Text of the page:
Castor oil and its derivatives are used in the manufacturing of soaps, lubricants, hydraulic and brake fluids, paints, dyes, coatings, inks, cold resistant plastics, waxes and polishes, nylon, pharmaceuticals and perfumes.[4]


Excerpt from Wikipedia page: 


Castor oil has numerous applications in transportation, cosmetics and pharmaceutical, and manufacturing industries, for example: adhesives,[28] brake fluids,[29] caulks, dyes,[28] electrical liquid dielectrics, humectants,[28] Nylon 11 plastics,[30] hydraulic fluids, inks,[28] lacquers, leather treatments,[28] lubricating greases, machining oils, paints,[28] pigments, polyurethane adhesives,[31] refrigeration lubricants, rubbers,[28] sealants, textiles,[28] washing powders, and waxes.

Since it has a relatively high dielectric constant (4.7), highly refined and dried castor oil is sometimes used as a dielectric fluid within high performance high voltage capacitors.


Vegetable oils, due to their good lubricity and biodegradability are attractive alternatives to petroleum-derived lubricants, but oxidative stability and low temperature performance limit their widespread use.[32] Castor oil has better low temperature viscosity properties and high temperature lubrication than most vegetable oils, making it useful as a lubricant in jet, diesel, and race car engines.[33] The viscosity of castor oil at 10 C is 2,420 centipoise.[34] However, castor oil tends to form gums in a short time, and its use is therefore restricted to engines that are regularly rebuilt, such as race engines. Biodegradability results in decreased persistence in the environment (relative to petroleum-based lubricants)[35] in case of an accidental release. The lubricants company Castrol took its name from castor oil.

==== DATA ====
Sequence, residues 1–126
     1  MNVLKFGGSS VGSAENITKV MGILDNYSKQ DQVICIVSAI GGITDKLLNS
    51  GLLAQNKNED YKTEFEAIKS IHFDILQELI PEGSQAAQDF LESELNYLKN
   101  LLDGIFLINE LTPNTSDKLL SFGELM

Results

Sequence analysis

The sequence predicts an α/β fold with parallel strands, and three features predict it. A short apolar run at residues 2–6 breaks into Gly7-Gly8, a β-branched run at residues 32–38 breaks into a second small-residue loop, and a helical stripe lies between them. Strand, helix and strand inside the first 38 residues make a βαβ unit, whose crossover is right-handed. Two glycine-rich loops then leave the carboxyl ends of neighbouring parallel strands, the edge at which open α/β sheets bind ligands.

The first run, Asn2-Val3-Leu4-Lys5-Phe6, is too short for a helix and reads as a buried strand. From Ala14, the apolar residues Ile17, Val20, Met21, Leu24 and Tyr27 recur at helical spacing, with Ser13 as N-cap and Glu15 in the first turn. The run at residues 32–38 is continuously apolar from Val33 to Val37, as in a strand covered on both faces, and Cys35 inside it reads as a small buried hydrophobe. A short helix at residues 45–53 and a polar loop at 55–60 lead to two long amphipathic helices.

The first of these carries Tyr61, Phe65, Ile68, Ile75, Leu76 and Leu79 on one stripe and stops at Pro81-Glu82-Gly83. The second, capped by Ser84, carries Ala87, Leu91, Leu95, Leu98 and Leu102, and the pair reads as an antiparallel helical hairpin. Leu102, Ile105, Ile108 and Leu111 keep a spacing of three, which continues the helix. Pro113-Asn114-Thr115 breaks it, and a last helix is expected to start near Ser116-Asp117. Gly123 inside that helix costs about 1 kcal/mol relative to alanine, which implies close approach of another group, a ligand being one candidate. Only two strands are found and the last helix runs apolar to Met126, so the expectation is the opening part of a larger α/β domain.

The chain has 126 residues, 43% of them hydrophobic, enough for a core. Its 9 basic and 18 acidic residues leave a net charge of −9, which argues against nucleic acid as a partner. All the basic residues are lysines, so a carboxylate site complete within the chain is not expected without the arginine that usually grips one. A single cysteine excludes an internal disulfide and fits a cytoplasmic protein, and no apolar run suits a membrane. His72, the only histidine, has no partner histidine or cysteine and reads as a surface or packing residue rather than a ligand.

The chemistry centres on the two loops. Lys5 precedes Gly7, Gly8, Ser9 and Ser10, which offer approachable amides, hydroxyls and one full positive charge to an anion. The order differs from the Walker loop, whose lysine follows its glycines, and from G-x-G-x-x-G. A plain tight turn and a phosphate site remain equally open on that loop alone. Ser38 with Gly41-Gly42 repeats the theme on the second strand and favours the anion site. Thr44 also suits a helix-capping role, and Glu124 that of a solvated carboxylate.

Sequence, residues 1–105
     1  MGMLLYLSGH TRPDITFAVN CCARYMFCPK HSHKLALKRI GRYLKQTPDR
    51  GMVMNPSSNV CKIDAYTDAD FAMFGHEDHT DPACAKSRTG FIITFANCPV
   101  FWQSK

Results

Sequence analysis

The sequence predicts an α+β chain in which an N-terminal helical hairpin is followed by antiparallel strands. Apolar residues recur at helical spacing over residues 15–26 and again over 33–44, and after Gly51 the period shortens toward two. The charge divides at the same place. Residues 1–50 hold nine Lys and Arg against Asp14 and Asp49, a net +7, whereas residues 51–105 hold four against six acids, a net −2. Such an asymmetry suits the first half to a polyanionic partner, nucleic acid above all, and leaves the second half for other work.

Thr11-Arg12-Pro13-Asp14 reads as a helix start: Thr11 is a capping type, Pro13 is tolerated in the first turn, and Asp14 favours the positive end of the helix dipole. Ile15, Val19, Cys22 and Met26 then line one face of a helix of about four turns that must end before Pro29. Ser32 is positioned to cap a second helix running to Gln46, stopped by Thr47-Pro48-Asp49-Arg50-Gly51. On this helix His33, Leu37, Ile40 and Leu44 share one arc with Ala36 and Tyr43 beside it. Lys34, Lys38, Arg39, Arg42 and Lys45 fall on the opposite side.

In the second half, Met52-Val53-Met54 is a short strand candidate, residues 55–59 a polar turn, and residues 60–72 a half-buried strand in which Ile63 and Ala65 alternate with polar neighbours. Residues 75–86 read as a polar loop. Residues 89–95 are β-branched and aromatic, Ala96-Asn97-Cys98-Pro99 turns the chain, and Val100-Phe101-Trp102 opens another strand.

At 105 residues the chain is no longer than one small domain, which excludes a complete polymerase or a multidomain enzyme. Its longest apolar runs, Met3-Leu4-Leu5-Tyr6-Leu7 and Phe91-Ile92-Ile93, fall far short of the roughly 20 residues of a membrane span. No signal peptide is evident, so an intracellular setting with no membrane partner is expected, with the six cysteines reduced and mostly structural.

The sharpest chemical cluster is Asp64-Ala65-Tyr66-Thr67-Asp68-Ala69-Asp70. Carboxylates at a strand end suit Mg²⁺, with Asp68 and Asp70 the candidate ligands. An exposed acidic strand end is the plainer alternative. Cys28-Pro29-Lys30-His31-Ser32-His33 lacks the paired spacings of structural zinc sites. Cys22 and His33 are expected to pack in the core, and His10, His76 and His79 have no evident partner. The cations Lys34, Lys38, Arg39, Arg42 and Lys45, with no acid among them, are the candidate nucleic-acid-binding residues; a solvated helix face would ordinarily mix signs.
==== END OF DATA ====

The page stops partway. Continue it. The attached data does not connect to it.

Castor oil has been suggested as a lubricant for bicycle pumps, because it does not dissolve natural rubber seals.[36]


Castor oil plant

From Wikipedia, the free encyclopedia:


Ricinus communis
Castor oil plant
Ricinus communis (castor oil plant) at Bandlaguda 002.JPG
Leaf of a Castor oil plant
Scientific classification
Kingdom: Plantae
(unranked): Angiosperms
(unranked): Eudicots
(unranked): Rosids
Order: Malpighiales
Family: Euphorbiaceae